There are very few bands who have impacted the progressive scene like (The) Soft Machine, who are still enthralling and challenging audiences more than 50 years since their debut. Over the years they have had numerous incredible musicians through their ranks, with multiple different line-ups, and while there will always be some disagreement about which was the best, there is no doubt that the tenth version of the band can lay claim to that accolade. While Lyn Dobson was with the band just long enough to record one track on ‘Third’, it was the remaining quartet of Elton Dean (alto sax, saxello, Hohner pianet), Hugh Hopper (bass), Mike Ratledge (Hohner pianet, Lowrey Holiday Deluxe organ, Fender Rhodes) and Robert Wyatt (drums, vocals) who completed that seminal work and then went on to record ‘Fourth’.

In February 1971, Soft Machine performed two concerts at the Henie Onstad Art Center near Oslo, Norway, as part of an art exhibition by the Boyle family, with Mark Boyle’s films projected during the performances. Mark Boyle, with his partner Joan Hills and their Sensual Laboratory light show, had accompanied Soft Machine on many of theirs gigs in the band’s early years, and this was a reunion of sorts. The set came mostly from ‘Third’ and the newly-released ‘Fourth’, with a few extras—“Neo-Caliban Grides,” soon to appear on Elton Dean’s self-titled solo album; ‘All White’, the only new composition in the set (and the only one to utilize Ratledge’s newly-acquired Fender Rhodes piano); and “Pigling Bland,” which, despite appearing alongside “All White” on 1972’s ‘Fifth’, actually dated back to 1969, having been written as a new ending for the septet arrangement of “Esther’s Nose Job.” Both nights were recorded by Meny Bloch with a tape machine connected to the mixing desk, but it was some years before they were made available, with Michael King releasing the second night as ‘Live At Henie Onstad Art Centre 1971’ in 2009. That has long been unavailable, while the first night has not previously been available at all, but that has now changed.

Ian Beabout was given the job of mixing and mastering the tapes, and an amazing job he has done. The best way to listen to this is on headphones, and when one really has the time to do just that, as this release is nearly three hours long, broken into four sets of continuous music. There are long periods where Wyatt shows incredible restraint and control by not playing at all, leaving it to the musicians in front of him to bounce ideas off each other. There is no doubt that the best way to appreciate The Softs is in a live environment, and thanks to Cuneiform we now have the opportunity to revisit four musicians at the height of their powers, and from their performance no-one would believe that in a few short months after this recording that this line-up would be no more with the departure of founder Wyatt.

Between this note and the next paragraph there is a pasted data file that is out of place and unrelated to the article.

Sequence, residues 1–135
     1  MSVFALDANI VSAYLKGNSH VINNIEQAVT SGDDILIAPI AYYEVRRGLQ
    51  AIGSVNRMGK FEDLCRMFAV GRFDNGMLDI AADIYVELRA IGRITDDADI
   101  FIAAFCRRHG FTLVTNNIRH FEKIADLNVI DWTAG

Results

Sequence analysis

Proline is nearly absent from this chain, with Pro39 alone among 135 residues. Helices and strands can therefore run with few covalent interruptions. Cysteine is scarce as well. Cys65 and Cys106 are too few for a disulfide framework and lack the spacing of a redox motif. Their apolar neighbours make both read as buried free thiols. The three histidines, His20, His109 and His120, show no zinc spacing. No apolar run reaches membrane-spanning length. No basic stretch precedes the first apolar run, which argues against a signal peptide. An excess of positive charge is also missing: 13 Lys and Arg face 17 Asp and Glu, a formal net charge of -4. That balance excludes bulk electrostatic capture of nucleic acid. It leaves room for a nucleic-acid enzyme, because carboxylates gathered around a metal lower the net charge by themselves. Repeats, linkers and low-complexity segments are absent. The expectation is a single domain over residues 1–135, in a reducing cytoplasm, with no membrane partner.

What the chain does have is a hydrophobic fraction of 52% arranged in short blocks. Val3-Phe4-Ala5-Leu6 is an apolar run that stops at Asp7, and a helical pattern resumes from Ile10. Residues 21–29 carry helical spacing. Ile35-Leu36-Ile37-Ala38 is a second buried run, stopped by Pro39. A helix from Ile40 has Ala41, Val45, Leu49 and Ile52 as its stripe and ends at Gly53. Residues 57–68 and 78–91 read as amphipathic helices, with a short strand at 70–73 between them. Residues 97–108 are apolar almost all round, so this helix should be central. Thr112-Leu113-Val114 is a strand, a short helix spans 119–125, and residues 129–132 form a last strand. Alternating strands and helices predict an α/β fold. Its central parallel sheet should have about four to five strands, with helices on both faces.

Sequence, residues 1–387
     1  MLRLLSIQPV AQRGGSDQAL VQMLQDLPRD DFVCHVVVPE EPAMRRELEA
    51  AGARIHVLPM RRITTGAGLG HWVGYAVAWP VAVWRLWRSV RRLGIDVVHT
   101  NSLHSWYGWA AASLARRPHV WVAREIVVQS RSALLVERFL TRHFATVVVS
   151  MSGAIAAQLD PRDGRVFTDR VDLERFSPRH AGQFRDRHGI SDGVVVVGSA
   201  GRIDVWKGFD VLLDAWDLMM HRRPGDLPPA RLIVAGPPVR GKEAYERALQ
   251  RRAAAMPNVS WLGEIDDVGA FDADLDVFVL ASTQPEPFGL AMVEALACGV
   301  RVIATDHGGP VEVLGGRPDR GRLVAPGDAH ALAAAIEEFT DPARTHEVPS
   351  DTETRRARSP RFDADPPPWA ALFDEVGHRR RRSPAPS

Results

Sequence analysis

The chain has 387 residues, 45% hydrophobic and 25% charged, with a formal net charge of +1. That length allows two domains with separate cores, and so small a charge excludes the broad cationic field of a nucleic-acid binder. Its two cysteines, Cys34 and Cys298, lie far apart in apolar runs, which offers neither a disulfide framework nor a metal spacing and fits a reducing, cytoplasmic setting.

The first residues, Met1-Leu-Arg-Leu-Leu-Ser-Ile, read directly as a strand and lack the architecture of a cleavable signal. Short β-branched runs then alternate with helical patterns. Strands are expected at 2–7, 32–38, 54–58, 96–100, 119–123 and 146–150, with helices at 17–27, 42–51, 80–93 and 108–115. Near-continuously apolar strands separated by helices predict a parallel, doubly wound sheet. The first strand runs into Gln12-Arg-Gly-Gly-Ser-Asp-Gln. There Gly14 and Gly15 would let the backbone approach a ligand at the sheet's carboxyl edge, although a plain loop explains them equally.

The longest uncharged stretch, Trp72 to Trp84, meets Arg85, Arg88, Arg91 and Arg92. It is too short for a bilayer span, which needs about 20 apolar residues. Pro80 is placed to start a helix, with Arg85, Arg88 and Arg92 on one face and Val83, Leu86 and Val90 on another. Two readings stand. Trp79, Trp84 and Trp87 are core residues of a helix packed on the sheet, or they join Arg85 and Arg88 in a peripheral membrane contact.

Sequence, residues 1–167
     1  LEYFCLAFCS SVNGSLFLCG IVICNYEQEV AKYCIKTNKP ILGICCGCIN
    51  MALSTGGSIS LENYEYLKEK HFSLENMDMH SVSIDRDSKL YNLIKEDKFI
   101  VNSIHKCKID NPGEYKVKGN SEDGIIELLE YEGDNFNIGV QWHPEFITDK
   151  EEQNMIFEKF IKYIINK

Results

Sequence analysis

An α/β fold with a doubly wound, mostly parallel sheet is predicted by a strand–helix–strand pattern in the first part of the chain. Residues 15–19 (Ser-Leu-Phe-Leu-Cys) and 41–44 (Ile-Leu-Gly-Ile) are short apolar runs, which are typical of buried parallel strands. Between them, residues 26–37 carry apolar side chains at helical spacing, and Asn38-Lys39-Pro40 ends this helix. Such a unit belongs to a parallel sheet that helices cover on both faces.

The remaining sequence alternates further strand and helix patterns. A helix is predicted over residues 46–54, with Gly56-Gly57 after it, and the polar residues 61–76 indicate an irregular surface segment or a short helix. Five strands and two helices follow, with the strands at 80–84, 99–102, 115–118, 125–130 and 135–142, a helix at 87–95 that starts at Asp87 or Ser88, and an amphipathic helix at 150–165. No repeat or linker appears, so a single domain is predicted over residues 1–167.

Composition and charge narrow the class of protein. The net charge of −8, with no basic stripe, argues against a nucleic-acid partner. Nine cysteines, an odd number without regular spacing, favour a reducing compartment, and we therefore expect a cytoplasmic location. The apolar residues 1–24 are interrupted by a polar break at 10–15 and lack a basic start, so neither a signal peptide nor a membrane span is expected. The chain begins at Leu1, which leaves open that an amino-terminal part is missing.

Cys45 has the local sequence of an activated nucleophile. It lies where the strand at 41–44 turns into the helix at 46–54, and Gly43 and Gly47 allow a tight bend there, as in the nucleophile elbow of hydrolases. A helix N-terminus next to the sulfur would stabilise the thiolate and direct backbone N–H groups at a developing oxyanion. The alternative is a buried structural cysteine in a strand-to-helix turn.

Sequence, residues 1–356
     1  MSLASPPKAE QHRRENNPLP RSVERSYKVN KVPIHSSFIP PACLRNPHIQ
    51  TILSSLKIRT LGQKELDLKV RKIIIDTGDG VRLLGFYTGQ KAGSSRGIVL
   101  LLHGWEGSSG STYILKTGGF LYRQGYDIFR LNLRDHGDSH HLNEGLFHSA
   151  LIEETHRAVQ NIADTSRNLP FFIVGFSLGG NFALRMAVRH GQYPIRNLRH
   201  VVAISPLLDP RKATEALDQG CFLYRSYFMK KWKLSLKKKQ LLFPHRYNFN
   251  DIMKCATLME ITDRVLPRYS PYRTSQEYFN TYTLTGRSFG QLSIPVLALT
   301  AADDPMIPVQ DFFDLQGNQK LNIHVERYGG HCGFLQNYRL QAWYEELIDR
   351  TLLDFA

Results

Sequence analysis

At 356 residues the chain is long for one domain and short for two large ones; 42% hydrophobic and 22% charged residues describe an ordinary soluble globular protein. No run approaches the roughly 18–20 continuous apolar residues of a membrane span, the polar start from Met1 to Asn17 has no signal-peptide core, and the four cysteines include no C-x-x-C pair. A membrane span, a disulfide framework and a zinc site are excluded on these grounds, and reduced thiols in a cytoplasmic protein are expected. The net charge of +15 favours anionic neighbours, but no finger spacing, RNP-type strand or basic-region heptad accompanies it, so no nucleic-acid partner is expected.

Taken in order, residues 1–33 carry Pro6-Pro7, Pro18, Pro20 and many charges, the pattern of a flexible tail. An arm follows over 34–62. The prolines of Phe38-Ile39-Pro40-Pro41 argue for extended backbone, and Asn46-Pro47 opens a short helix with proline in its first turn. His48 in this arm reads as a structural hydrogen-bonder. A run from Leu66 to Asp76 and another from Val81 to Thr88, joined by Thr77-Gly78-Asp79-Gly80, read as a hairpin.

It is arguable that the second night has more of a togetherness about it, but one would expect that given they had played in the same venue the previous night so were able to get back into the connections more easily, but all four discs show a band very much at the height of their powers. This is Canterbury progressive rock at its very finest, and Cuneiform have provided a lot of information and photos in the booklet, telling the story of the nights and how the recordings were rediscovered. The result is something which is absolutely indispensable to anyone who enjoys this style of music, as Ratledge and Dean combine to create interweaving melodies which bounce off each other, Hopper does much more than “just” play bass as he provides incredible foundations and groove and then at the back is one of the more under-rated drummers from the scene who was then in the prime of his health.

Here we have a wonderful set showing just why Soft Machine have had such a major influence on so many others and why they continue to be an important force in the present day, even if the current line-up has no-one in common with the one from 1971. According to ProgArchives, the most highly rated album by the band is ‘Third’ (and rightly so), and here we have that line-up doing what they did best, performing incredible music in front of an appreciative audience. Now we are able to experience it for ourselves. 10/10 Kev Rowland